The maxillary sinuses are behind your cheeks and on top of the upper teeth. Some of the roots of the natural upper teeth extend up into the maxillary sinuses. When these upper teeth are removed, there is often just a thin wall of bone separating the maxillary sinus and the mouth. Dental implants need bone to hold them in place. When the sinus wall is very thin, it is impossible to place dental implants in this bone.
A sinus graft makes it possible for many patients to have dental implants.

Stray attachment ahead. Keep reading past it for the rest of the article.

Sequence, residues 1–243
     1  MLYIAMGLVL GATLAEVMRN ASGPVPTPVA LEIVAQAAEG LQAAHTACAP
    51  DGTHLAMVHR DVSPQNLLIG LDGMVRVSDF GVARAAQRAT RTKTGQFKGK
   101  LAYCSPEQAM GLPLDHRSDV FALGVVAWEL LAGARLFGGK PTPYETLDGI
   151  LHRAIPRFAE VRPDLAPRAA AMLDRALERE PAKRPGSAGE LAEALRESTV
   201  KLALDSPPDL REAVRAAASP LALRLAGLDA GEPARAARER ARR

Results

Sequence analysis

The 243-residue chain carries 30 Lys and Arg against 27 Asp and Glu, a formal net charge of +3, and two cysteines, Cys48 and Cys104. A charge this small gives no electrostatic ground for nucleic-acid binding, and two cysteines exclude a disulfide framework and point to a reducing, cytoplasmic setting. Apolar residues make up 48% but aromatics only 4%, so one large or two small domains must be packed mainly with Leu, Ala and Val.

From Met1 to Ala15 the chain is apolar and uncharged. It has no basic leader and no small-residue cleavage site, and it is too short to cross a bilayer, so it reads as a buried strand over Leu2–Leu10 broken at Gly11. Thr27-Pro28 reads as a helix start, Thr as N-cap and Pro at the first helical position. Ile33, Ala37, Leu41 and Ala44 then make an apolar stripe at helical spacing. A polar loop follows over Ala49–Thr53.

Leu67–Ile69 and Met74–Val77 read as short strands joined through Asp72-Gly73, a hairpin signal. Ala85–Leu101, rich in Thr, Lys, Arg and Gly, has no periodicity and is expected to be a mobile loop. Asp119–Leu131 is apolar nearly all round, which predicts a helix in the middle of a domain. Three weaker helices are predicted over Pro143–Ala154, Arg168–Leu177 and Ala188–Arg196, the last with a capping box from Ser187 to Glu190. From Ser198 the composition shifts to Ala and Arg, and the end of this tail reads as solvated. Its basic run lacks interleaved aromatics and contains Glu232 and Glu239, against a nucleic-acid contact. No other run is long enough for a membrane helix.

The dental implant surgeon enters the sinus from where the upper teeth used to be. The sinus membrane is then lifted upward and donor bone is inserted into the floor of the sinus (which is the roof of the upper jaw). After several months of healing, the bone becomes part of the patient’s jaw and dental implants can be inserted and stabilized in this new sinus bone.
If enough bone between the upper jaw ridge and the bottom of the sinus is available to stabilize the implant well, sinus augmentations and implant placement can sometimes be performed as a single procedure. If not enough bone is available, the sinus augmentation is performed first. Once the graft has matured, the implants can be placed.